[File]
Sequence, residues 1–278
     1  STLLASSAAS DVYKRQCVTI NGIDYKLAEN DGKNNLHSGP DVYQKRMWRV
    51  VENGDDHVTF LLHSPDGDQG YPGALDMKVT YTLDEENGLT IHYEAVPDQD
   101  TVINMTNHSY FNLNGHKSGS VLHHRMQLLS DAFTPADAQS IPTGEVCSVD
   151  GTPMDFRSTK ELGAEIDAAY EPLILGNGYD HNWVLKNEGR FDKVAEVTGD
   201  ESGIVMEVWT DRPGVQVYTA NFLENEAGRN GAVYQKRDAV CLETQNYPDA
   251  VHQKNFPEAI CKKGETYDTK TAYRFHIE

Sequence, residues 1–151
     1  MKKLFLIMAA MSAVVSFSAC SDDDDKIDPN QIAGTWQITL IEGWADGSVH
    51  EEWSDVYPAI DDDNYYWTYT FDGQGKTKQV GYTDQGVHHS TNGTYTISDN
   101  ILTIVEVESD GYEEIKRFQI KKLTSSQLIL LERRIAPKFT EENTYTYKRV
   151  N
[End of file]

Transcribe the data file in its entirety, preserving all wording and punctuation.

Sequence, residues 1–278
     1  STLLASSAAS DVYKRQCVTI NGIDYKLAEN DGKNNLHSGP DVYQKRMWRV
    51  VENGDDHVTF LLHSPDGDQG YPGALDMKVT YTLDEENGLT IHYEAVPDQD
   101  TVINMTNHSY FNLNGHKSGS VLHHRMQLLS DAFTPADAQS IPTGEVCSVD
   151  GTPMDFRSTK ELGAEIDAAY EPLILGNGYD HNWVLKNEGR FDKVAEVTGD
   201  ESGIVMEVWT DRPGVQVYTA NFLENEAGRN GAVYQKRDAV CLETQNYPDA
   251  VHQKNFPEAI CKKGETYDTK TAYRFHIE

Sequence, residues 1–151
     1  MKKLFLIMAA MSAVVSFSAC SDDDDKIDPN QIAGTWQITL IEGWADGSVH
    51  EEWSDVYPAI DDDNYYWTYT FDGQGKTKQV GYTDQGVHHS TNGTYTISDN
   101  ILTIVEVESD GYEEIKRFQI KKLTSSQLIL LERRIAPKFT EENTYTYKRV
   151  N